Indeed. To qualify for the Oscars, a film needs only a ‘limited’ release in 2008. As FOUR of the five films did. Only The Curious Case of Benjamin Button had a full release. A limited release can consist of just ONE public showing normally either in New York or LA. So at the time of the nominations probably about 200 people have seen each of the nominated films. Hardly worthy of best film of the year, is it?

Another aspect of the process is the use of ‘screeners’. These used to be specially arranged screenings of films for voters, who, as they all work in the industry, are normally two busy to have a spare evening to go to the cinema. Or they just can’t be arsed to see a pretty actress wearing shock-horror prosthetics.

These days, the ‘screener’ has been superseeded by free DVDs and (it wouldn’t surprise me) downloads. So the people voting haven’t even made the effort to actually go and watch the films. The films come to them.

Now, call me picky, but surely if a film is any good people will WANT to see it, rather than be COERCED into seeing it? (This is the point where I remember that good films do get overlooked… but it doesn’t fit my argument so I’m going to ignore it)

I remember years ago, when MOVIES got nominated. You remember ‘movies’? Films that are entertaining and take you away from the real world for a couple of hours?

Just going back a couple of decades, consider that these films got nominated for Best Picture: Star Wars, Raiders of the Lost Ark, Fatal Attraction (!), The Fugitive, The Full Monty.

You can argue the toss about their individual merits, but at least they were films that were wildly popular and to this day are still loved. (if you’re interested they were beaten by: Annie Hall, Chariots of Fire, The Last Emperor, Unforgiven and Titanic…)

Titanic and Lord of the Rings are probably the only populist winners in the past thirty years. And both were wrong.Titanic is a superb spectacle wrapped inside a dreary costume drama, and LOTR: The Return of the King (the final part, the one that actually won the Oscar) was the worst of the three films.

Some classic films never even got nominated. Off the top of head there’s Seven and Heat which both qualified for the 1996 awards. Then there’s groundbreakers like The Matrix. Yes, now it’s become a bit of a cliched dud of a series, but the original film was like nothing that had been seen before. I remember reading an interview with William Friedkin saying he thought it should have won the Oscar for Best Picture. It wasn’t even nominated (and he should know having won for French Connection and being nominated for The Exorcist.. The Exorcist! Can you imagine a horror movie getting a Best Picture nomination these days, even if they DID make decent ones?)

At the end of the day, I shall not be popping Pro-plus with Red Bull chasers to watch it this year. There is no point.

I haven’t seen any of the main contenders, and frankly, bar Frost/Nixon, I couldn’t give a toss about any of them either. So how can I get excited about it?

I’d like to see Robert Downey Jnr win in Best Supporting Actor for Tropic Thunder, but that’s had heath Ledger’s name engraved on it since last March; I’d like In Bruges to win Best Original Screenplay just because it contains so much swearing, I’d love to know what clip they’re going show.

But, for the record, here’s what I think will happen:

Best Picture: Slumdog Millionaire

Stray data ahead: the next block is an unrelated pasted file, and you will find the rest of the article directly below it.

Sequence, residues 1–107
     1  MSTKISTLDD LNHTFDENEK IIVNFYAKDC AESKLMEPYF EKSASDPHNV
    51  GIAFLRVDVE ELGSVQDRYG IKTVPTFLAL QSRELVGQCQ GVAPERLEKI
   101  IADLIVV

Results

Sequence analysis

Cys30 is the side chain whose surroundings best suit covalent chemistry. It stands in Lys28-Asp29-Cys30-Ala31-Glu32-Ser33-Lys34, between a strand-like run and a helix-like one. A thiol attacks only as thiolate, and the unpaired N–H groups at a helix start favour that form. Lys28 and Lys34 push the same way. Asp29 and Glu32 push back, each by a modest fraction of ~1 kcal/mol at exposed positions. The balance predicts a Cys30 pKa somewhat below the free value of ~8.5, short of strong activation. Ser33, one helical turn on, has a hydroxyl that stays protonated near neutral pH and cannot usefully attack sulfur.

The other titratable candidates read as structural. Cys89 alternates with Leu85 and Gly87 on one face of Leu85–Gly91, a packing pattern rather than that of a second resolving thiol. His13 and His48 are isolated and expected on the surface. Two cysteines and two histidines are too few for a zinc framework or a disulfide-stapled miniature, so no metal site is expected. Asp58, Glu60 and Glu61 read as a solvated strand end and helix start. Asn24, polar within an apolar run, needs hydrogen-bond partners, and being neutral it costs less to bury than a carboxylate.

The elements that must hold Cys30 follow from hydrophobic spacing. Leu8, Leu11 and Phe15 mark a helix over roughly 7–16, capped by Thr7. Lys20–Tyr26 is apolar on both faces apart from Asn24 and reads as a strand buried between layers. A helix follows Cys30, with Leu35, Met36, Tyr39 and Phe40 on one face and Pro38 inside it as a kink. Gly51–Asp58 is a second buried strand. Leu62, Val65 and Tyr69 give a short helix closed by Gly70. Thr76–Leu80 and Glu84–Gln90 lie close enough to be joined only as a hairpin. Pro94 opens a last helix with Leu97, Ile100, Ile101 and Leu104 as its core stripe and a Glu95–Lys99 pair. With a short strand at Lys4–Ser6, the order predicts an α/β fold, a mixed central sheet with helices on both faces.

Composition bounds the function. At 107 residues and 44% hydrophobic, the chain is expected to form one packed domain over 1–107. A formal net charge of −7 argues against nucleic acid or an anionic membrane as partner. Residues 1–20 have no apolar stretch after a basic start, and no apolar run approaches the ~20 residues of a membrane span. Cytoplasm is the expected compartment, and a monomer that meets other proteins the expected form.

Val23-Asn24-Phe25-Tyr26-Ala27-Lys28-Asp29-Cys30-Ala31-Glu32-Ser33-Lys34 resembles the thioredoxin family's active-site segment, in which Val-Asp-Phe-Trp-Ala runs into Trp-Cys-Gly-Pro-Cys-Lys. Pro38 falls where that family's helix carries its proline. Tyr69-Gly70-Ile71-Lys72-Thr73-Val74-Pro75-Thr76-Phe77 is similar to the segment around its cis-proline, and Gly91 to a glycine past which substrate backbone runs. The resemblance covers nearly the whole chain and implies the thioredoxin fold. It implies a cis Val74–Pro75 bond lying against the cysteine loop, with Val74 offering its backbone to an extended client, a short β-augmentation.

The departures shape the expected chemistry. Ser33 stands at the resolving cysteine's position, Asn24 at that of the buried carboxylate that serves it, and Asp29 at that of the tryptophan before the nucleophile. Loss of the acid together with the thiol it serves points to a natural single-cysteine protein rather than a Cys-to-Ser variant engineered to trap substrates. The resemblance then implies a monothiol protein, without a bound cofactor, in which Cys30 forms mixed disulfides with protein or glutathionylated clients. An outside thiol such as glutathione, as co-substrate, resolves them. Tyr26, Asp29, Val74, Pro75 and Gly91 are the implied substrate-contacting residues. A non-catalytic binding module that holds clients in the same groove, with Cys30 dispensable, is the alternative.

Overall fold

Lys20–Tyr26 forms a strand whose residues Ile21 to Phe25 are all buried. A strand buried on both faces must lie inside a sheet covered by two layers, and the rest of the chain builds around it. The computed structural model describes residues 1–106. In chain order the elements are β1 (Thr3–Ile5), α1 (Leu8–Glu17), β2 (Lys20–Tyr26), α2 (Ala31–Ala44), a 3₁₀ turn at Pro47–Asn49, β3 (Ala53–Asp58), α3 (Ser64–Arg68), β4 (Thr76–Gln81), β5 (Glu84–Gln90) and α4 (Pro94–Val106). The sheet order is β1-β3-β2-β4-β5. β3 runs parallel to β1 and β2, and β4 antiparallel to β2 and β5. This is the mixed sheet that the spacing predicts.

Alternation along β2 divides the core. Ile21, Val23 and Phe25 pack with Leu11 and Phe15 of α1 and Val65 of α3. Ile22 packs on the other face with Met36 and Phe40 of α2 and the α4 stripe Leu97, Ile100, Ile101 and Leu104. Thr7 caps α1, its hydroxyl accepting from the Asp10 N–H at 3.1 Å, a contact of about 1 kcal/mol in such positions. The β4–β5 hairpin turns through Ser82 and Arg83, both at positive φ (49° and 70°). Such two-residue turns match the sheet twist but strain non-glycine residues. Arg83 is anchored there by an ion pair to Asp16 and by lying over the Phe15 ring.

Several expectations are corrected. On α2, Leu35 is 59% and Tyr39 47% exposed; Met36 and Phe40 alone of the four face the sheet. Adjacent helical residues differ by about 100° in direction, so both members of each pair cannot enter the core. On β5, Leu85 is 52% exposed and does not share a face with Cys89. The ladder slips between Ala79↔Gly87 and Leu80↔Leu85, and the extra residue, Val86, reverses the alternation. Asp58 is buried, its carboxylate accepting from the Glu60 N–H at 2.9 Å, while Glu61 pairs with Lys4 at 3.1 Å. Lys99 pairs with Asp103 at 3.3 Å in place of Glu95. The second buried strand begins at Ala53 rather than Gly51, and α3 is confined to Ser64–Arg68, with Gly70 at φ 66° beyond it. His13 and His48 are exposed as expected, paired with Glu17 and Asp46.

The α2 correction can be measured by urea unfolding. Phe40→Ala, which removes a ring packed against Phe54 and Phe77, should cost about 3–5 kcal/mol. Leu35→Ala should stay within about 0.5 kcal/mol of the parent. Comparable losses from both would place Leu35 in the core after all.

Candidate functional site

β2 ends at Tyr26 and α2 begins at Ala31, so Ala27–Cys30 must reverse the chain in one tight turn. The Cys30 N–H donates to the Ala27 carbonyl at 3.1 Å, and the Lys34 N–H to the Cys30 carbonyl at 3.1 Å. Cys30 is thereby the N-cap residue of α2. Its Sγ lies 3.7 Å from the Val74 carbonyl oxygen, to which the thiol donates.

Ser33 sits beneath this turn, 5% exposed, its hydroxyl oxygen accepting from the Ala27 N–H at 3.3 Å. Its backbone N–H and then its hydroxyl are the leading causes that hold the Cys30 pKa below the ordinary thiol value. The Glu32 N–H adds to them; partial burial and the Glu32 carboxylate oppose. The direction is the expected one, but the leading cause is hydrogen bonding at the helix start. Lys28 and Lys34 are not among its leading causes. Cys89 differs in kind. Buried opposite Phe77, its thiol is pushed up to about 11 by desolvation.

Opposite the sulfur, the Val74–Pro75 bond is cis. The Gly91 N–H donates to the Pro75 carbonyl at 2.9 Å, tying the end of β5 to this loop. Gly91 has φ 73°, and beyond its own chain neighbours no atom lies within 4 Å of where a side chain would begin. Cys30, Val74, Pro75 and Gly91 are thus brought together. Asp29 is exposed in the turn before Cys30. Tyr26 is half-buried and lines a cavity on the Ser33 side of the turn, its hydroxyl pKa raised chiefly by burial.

Best Director: Danny Boyle

Best Actor: Frank Langella

Best Actress: Kate Winslet (finally)

Supporting Actor: Heath Ledger

Supporting Actress: Not a fucking scooby since Marisa Tomei is the only one I’ve heard of, and she’s already got one

Adapted Screenplay: Slumdog Millionaire

Original Screenplay: Happy-Go-Lucky

There… you don’t need to watch it now, either.

The Dull Hunter

January 19, 2009 4:18 am

dull films header

 “You know, most of these movies that win
a lot of Oscars, I can’t stand them…All those assholes make are unwatchable movies from unreadable books.
Mad Max, that’s a movie. The Good, the Bad and the Ugly, that’s a movie. Rio Bravo, that’s a movie.
And Coming Home in a Body Bag, that was a fuckin’ movie.”

Clarence in True Romance

 I thought on Clarence’s diatribe this past week as I had two experiences with those films that you are ‘suppossed’ to like but you actually find quite dull. When you explain to people that you don’t ‘get’ these films they launch into great pre-prepared speeches about ‘substance’, ‘subtext’ and ‘submarines’ (if you’re discussing Das Boot).

Now I like my fair share of movies that people wouldn’t be seen dead even looking up on their EPGs, but generally these are films that most right-thinking people don’t even know exist.

The films I’m talking about here, are those that are lauded by critica, film-makers and people with pointy beards you see nursing a coffee for four hours in the BFI coffee shop. (It is a rule that you only ever buy one coffee in there, and maybe a muffin to share, no matter how long you may be there for.)

Instance number one occurred on Wednesday, when a friend was very excited about seeing Blade Runner at the IMAX. This sounds like a great idea. Blade Runner is one of the most visually stunning films ever made, so seeing it projected on the moon-sized IMAX screen would surely be a sight to behold.

Then I remembered that Blade Runner is also very, very dull.

It’s a film I submit myself to about once a year, determined that this time I will ‘watch it properly’ and come to realise why it is so enthusiastically supported by just about everyone. I normally make it to Sean Young’s ‘replicant test’ before I’m asleep.

Only twice have I managed the whole thing: once as a wide-eyed 14 year old, keen to behold this cinematic masterpiece; and again when the Director’s Cut was released in 1992. I preferred the original, which is a kin to saying not only did I rape your disabled grandmother, but I really, really enjoyed it. In fact I might do it again this week.